one family at a time.
I haven’t made much of this, mostly because I was busy studying and then getting ready for Sprout, but we’re one of many couples who are choosing to use cloth diapers. We made this choice for a number of reasons, most notably: 1) we are trying to limit the number of chemicals (including plastics) in our home; 2) we are trying to limit our landfill waste (it fits the reduce, reuse, and recycle theme); and 3) I have long railed against synthetic clothes so using cotton diapers a simple choice over disposable synthetics. There are downsides of course such as the extra work, washing, up front costs, bulkiness, and soppiness of cloth on our kid’s skin.
I’m posting this to encourage anyone else who may be considering fluffing up their family and using cloth diapers. Using disposable diapers is not inherently a bad thing, it just isn’t the right choice for every family. The same goes for cloth diapers.
Other things we’ve done over the past few years to live what we consider a better life are: live in a one bedroom apartment (keeping, even with a kid); discard teflon and aluminum cookware in favor of cast iron and porcelain lined steel (old dansk kobenstyle from an aunt and uncle); turn off junk mail with the post office (which reminds me to do it again) and opt-out of credit report sharing; walk and use public transportation when possible (hard in suburbia); switch to vinegar, baking soda, and essential oils for cleaning supplies; and buy local as much as possible. There is more we can do, but this is a start. 🙂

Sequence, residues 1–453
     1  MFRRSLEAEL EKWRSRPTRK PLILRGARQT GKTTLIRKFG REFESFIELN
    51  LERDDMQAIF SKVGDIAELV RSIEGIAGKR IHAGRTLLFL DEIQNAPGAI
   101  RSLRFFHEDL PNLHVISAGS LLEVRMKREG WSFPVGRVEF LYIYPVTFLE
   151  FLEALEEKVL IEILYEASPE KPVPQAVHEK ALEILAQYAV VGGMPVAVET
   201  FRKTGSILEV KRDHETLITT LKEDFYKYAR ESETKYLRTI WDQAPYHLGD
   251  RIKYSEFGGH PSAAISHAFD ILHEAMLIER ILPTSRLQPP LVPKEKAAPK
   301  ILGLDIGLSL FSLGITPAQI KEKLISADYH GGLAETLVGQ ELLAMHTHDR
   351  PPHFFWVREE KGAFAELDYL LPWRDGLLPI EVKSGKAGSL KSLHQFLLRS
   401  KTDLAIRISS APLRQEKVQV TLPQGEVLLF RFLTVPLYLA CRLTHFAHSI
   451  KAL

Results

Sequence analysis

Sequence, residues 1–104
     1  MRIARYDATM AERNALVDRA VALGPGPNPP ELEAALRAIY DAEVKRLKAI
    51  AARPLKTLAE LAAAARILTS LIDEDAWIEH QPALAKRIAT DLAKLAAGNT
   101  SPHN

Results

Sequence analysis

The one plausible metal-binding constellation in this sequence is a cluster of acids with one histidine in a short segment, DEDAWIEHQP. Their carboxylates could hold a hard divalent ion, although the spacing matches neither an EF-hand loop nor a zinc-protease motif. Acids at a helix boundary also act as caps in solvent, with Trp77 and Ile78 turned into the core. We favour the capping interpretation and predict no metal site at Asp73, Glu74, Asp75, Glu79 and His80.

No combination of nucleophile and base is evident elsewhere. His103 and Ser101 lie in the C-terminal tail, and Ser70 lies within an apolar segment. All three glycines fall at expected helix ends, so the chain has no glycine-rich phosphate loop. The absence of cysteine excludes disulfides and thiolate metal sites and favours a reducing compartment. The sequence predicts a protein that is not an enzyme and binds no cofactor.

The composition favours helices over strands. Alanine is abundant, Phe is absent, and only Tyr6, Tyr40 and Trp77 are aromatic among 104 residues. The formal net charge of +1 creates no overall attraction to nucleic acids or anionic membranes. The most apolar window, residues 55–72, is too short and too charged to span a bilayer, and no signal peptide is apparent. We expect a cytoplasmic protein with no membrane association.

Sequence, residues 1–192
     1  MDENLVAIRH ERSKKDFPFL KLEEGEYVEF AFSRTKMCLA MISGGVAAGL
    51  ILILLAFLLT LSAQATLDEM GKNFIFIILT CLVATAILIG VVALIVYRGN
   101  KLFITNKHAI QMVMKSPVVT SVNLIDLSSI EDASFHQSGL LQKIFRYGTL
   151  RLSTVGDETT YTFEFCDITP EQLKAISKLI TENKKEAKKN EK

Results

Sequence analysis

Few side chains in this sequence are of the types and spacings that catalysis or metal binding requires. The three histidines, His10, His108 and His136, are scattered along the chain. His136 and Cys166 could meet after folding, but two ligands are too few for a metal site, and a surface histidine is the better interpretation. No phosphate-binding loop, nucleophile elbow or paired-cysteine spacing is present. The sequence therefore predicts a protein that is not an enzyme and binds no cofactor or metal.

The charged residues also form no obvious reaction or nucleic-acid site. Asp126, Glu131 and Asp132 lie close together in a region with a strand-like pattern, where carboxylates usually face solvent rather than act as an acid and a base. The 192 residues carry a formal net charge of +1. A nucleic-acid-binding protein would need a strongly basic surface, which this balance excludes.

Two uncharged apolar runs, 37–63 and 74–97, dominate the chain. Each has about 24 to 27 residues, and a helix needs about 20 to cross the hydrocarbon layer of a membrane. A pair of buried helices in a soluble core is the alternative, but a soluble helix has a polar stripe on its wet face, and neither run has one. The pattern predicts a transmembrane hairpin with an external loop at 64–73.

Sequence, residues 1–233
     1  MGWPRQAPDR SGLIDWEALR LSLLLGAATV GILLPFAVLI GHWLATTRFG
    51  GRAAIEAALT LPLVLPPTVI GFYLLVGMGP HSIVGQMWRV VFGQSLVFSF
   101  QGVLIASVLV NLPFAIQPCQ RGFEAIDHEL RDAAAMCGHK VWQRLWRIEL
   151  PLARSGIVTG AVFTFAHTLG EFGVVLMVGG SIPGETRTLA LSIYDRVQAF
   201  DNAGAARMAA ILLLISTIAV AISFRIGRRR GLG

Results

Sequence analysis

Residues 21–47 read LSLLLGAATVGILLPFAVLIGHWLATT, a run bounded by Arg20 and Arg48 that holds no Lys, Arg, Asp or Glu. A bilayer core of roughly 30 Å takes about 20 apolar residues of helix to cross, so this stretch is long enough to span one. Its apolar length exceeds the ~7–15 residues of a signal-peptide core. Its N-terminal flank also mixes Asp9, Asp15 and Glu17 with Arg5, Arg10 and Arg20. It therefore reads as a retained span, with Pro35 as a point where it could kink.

This Shell station seems the cheapest gas in town (several cents cheaper than watered down Arco). There was a line two and three cars deep when I passed by after work and again two hours later, after dinner.
A few days ago, it was $4.05 for the cheapest regular gas. I expect we’ll be paying $5.00 or more by the end of summer if the price of oil remains high.
Update (04/30/08): There was a line this morning as I went to work. The [literally] no brand gasoline station down the street sold gas for the same price.
I used the analog to digital converter box coupon card this past weekend. So now we can still get TV after the super bowl when the transition to digital television is complete. It is an RCA brand converter box.
I don’t generally shop in Wal*Mart (ruthless and toothless); however the converter box cost $10 after the coupon ($50 retail price). That beat the $65 charged by Radio Shack for a no brand item.
The nice thing I found out about this box is that it includes a V-Chip intended to let parents filter out inappropriate content from their youngsters. It is likely that most people who rely on the government coupons to purchase a converter box will not have televisions built since 2000 when the V-Chip was mandated. The program is still a boondoggle, just not as big as I had previously made it out to be.
In case you still are not aware of the television transition, these are the dates you need to be aware of:
- January 2, 2008 – Digital to analog converter coupon program becomes available. * Coupons are now available.
- February 17, 2009 – Last day for analog broadcasts.
- February 18, 2009 – Analog broadcasts will be turned off. Televisions will need a digital tuner, digital-to-analog converter box, or cable/satellite subscription.
At this point, we are all like Beepo: navel gazing.
There is a widespread belief that government bureaucrats lack senses of humor and that individuality is discouraged when in the ranks of government. The folks at the Social Security Administration (SSA) disproved that last week in a press release.
“For reasons likely to puzzle baby name experts around the world, American parents have become infatuated by names, particularly for their sons, that rhyme with the word â??maiden.â?Â …Â Social Security spokesman Mark Lassiter indicated that the agency would resist any legislative efforts to standardize the spelling of these names.”
SSA Press Release: Pop Culture Makes Mark on Social Security’s Most Popular Baby Names List
SSA tracks the most popular names born in the U.S. through registrations for Social Security numbers. It publishes its list annually. You can see the most popular names for the past 130 years on its web site.